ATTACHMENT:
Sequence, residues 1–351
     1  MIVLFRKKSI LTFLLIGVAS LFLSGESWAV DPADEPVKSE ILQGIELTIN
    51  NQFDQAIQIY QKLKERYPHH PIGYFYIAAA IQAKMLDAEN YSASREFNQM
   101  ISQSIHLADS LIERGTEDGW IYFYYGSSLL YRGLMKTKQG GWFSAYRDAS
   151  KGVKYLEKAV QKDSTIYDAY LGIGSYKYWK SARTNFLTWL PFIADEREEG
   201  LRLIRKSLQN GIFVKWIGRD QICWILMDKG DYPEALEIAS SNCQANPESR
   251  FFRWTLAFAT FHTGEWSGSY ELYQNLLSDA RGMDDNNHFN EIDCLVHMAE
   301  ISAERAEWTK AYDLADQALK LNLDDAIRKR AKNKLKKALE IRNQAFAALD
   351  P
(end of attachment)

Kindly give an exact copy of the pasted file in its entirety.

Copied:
Sequence, residues 1–351
     1  MIVLFRKKSI LTFLLIGVAS LFLSGESWAV DPADEPVKSE ILQGIELTIN
    51  NQFDQAIQIY QKLKERYPHH PIGYFYIAAA IQAKMLDAEN YSASREFNQM
   101  ISQSIHLADS LIERGTEDGW IYFYYGSSLL YRGLMKTKQG GWFSAYRDAS
   151  KGVKYLEKAV QKDSTIYDAY LGIGSYKYWK SARTNFLTWL PFIADEREEG
   201  LRLIRKSLQN GIFVKWIGRD QICWILMDKG DYPEALEIAS SNCQANPESR
   251  FFRWTLAFAT FHTGEWSGSY ELYQNLLSDA RGMDDNNHFN EIDCLVHMAE
   301  ISAERAEWTK AYDLADQALK LNLDDAIRKR AKNKLKKALE IRNQAFAALD
   351  P